The Complete Fairy Tales & Other Stories
By Hans Christian Andersen - online book

Oxford Complete Illustrated Edition all his stories written between 1835 and 1872.

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200                             OLE LUK-OIE
to be quiet, and that they are not until they are taken to bed : they are to be quiet that he may tell them stories.
When the children sleep, Ole Luk-Oie sits down upon their bed. He is well dressed : his coat is of silk, but it is impossible to say of what colour, for it shines red, green, and blue, according as he turns. Under each arm he carries an umbrella: the one with pictures on it he spreads over the good children, and then they dream all night the most glorious stories ; but on his other umbrella nothing at all is painted : this he spreads over the naughty children, and these sleep in a dull way, and when they awake in the morning they have not dreamed of anything.
Now we shall hear how Ole Luk-Oie, every evening through one whole week, came to a little boy named Hjalmar, and what he told him. There are seven stories, for there are seven days in the week.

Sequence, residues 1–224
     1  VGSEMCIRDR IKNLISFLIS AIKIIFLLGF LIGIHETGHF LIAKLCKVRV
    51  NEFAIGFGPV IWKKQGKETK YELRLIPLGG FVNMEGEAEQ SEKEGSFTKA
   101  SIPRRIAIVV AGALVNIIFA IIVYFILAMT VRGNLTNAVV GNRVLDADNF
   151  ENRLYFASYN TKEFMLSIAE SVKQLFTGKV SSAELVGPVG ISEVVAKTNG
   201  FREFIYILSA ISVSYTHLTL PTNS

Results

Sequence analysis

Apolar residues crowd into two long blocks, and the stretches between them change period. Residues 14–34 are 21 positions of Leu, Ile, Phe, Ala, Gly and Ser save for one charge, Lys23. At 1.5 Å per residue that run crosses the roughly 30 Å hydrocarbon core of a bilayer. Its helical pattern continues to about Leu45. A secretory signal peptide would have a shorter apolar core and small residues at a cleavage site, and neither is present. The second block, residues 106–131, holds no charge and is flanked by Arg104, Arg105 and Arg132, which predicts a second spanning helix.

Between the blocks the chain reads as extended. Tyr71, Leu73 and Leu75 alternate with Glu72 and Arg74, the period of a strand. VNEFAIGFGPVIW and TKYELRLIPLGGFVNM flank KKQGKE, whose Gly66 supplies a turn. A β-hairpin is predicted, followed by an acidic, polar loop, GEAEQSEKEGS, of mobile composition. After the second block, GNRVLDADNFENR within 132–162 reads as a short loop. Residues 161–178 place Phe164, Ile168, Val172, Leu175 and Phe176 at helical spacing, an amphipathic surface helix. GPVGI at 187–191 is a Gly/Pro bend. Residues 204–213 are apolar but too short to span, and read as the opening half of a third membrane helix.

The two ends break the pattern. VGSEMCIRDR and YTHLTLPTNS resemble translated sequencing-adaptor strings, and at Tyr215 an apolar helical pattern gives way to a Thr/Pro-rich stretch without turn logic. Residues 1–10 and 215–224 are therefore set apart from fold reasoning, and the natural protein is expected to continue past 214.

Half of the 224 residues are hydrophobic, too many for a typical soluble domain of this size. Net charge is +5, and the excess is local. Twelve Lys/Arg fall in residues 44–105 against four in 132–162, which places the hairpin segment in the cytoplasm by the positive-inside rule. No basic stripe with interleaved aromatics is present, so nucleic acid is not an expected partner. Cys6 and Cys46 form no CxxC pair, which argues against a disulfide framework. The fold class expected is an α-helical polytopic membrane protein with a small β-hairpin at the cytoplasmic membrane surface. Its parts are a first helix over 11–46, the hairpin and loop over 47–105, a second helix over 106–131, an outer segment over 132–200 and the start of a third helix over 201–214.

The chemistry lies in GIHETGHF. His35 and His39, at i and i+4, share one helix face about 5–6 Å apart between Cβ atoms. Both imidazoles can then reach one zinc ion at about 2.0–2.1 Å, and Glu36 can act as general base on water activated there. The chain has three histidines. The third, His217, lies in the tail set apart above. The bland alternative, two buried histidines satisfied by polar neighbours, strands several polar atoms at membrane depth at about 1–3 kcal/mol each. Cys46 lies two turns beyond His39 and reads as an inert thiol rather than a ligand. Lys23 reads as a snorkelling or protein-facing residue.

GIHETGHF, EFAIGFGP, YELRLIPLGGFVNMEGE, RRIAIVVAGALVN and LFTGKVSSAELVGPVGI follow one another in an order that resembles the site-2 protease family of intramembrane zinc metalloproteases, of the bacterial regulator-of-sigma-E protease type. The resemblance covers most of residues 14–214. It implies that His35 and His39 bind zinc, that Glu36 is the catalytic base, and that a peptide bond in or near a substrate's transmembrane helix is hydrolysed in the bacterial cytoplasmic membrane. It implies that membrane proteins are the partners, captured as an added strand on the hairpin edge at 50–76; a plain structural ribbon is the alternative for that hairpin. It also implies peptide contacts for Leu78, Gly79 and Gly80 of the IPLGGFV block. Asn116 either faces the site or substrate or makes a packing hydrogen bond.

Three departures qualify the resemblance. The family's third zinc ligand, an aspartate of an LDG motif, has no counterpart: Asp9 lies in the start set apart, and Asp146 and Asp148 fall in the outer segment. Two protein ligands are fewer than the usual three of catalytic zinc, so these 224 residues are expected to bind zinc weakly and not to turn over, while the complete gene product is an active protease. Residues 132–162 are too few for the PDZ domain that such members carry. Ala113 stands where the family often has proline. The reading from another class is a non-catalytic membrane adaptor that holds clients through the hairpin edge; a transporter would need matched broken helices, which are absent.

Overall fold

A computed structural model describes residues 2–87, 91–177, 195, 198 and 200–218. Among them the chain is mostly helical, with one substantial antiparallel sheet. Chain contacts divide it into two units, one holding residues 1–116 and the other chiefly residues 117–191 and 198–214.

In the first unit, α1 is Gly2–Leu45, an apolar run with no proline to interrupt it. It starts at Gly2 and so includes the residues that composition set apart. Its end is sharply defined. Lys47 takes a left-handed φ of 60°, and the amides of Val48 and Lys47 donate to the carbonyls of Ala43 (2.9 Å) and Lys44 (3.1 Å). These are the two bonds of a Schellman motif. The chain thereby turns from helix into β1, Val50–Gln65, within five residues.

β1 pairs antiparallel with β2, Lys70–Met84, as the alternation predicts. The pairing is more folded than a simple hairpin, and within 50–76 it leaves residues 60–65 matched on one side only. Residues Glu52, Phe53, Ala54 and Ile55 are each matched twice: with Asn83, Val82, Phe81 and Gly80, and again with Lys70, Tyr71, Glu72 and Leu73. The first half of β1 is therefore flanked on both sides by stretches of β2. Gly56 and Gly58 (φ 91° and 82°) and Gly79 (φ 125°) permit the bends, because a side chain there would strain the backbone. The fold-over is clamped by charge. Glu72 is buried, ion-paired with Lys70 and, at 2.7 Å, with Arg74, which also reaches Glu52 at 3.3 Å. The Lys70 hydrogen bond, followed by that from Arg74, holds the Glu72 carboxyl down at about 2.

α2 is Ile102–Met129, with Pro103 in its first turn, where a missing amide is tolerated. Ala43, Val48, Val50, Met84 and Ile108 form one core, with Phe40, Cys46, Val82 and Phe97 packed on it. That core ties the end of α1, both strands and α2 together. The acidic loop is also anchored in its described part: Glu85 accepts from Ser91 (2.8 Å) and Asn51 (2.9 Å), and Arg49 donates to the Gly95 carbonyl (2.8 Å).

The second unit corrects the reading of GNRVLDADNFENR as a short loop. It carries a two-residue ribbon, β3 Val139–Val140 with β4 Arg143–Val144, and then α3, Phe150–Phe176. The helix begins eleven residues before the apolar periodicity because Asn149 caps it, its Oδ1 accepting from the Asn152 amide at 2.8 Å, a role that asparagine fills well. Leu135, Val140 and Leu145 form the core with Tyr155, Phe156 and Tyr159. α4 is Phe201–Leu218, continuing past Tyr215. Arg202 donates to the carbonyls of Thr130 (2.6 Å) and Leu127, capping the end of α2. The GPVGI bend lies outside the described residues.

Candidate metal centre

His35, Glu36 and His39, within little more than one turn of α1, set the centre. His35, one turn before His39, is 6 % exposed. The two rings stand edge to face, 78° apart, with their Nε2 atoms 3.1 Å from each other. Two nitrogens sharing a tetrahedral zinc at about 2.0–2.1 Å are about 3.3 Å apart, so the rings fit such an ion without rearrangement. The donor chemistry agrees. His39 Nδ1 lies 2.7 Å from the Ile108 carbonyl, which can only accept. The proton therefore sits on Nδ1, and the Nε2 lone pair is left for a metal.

c Listen,' said Ole Luk-Oie in the evening, when he had put Hjalmar to bed ; ' now I'll decorate.'
And all the flowers in the flower-pots became great trees, stretching out their long branches under the ceiling of the room and along the walls, so that the whole room looked like a beauteous bower; and all the twigs were covered with flowers, and each flower was more beautiful than a rose, and smelt so sweet that one wanted to eat it—it was sweeter than jam. The fruit gleamed like gold, and there were cakes bursting with raisins. It was incomparably beautiful. But at the same time a terrible wail sounded from the table drawer, where Hjalmar's school-book lay.
1 Whatever can that be ? ' said Ole Luk-Oie ; and he went to the table, and opened the drawer. It was the slate which was suffering from convulsions, for a wrong number had got into the sum, so that it was nearly falling in pieces ; the slate pencil tugged and jumped at its string, as if it had been a little dog who wanted to help the sum ; but he could not. And thus there was a great lamentation in Hjalmar's copy-book ; it was quite terrible to hear. On each page the great letters stood in a row, one under­neath the other, and each with a little one at its side ; that